We began our day with a short 3.4-mile drive to the Cortez Golf Club and hit the parking lot with plenty of time to loosen up before our round. The course is scenically routed with tree-lined fairways and plenty of elevation changes. From the tips, it is a little under 6,700 yards, so it won’t overwhelm you if you are the guy in your group who is not as long off the box. The bentgrass greens rolled well and were accessible, as long as you kept it in the fairway. There is a restaurant at the turn that was not open when we teed off, but they do take call-in orders. However, they appear to do a significant Sunday brunch walk-in crowd and I do not recall a beverage cart running there, so plan accordingly. It’s a good place to end your first round of the day if you are interested in getting in 36.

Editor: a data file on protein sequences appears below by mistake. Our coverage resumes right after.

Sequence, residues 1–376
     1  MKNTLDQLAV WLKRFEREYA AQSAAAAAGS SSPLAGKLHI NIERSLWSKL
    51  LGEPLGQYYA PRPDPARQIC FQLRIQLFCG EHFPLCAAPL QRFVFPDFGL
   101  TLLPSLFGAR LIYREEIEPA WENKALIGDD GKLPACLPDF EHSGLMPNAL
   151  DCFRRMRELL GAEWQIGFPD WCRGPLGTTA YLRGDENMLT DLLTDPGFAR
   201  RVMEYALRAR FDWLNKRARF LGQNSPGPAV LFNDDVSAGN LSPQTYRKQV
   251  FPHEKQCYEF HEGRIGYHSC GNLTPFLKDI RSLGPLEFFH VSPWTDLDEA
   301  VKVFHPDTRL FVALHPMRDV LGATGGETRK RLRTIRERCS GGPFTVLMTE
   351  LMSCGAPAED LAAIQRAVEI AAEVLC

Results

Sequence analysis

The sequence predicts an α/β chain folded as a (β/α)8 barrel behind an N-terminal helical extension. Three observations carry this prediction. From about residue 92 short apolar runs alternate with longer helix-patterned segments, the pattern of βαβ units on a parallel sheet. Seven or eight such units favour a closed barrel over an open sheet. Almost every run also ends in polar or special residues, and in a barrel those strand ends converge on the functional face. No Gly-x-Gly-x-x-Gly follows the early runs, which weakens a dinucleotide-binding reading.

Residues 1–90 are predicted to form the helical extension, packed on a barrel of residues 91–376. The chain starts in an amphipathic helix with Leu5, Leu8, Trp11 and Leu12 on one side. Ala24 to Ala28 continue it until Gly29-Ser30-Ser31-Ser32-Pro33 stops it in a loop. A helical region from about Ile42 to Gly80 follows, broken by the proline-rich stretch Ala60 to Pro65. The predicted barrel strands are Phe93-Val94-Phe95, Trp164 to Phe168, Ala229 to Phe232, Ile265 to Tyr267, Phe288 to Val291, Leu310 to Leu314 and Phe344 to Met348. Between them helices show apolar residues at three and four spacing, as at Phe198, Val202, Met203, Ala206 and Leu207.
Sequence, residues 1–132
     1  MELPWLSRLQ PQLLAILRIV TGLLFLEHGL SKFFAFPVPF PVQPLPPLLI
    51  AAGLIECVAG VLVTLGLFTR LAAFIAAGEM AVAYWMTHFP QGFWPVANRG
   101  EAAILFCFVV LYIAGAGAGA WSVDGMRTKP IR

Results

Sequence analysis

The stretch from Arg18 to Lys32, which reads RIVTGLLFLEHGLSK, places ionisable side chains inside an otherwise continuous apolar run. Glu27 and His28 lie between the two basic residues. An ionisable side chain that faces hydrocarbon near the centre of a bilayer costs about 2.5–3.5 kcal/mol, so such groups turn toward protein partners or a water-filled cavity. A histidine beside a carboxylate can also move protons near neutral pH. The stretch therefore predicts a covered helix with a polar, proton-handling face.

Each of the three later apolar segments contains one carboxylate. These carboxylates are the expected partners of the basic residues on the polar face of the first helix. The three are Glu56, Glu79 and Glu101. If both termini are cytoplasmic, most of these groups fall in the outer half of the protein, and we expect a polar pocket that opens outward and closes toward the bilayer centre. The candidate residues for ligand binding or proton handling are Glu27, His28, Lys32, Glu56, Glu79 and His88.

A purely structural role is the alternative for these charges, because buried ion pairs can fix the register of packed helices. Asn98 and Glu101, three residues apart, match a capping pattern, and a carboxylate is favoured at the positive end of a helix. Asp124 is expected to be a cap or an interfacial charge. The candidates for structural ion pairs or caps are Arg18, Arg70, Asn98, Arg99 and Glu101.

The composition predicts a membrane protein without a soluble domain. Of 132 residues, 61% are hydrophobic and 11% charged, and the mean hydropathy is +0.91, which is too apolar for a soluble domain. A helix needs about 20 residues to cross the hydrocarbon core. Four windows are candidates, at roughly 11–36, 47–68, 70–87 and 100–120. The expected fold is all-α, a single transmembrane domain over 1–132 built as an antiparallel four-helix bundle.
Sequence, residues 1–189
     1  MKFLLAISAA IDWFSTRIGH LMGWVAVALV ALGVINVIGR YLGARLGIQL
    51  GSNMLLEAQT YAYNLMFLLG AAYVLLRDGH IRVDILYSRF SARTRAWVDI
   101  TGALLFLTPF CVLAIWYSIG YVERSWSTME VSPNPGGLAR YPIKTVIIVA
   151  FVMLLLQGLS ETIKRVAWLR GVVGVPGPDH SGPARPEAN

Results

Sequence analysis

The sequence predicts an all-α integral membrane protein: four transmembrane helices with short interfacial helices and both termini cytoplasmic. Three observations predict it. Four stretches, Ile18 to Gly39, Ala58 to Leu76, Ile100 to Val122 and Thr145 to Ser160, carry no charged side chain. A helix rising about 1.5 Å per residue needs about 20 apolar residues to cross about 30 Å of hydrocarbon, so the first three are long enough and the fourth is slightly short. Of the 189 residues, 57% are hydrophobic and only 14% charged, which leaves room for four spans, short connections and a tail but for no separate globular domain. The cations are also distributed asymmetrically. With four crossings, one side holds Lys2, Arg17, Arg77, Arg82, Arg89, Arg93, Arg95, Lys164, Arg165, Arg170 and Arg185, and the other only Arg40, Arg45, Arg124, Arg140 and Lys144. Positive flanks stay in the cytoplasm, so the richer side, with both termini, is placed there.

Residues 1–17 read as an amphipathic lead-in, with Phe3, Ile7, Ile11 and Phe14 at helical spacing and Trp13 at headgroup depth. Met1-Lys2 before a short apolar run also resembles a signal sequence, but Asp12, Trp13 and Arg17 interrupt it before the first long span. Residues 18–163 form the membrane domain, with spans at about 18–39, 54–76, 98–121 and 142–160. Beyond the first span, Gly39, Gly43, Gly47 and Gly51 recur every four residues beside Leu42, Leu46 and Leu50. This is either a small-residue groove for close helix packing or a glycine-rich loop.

After making a quick drive back to our townhome for a couple of beers, we headed out for our second 18 for the day, a short 12-mile drive to the Isabella Golf Club, which contains three separate nine-hole routings: the Nina, the Pinta and the Santa Maria. If we had gotten a little earlier start, we might have been able to take a voyage on all three, but we only had enough daylight to sail the Nina and the Pinta. Isabella is a little more of a robust golf facility when it comes to practice-area facilities and offers a different type of challenge. The tips on all the combinations are in the 7,000-yard range, so choose your tees wisely. The fairways appear to be a little wider there, but don’t let your guard down. As with most places I play, trouble can be found. While the scenery was a little different than our morning round, it was equally pleasing. I would classify Isabella as a big-boy golf course that will require a little bit better ball-striking to score well. Take advantage of the drink machines that are well-positioned along the route to stay hydrated, and play all three options if you can.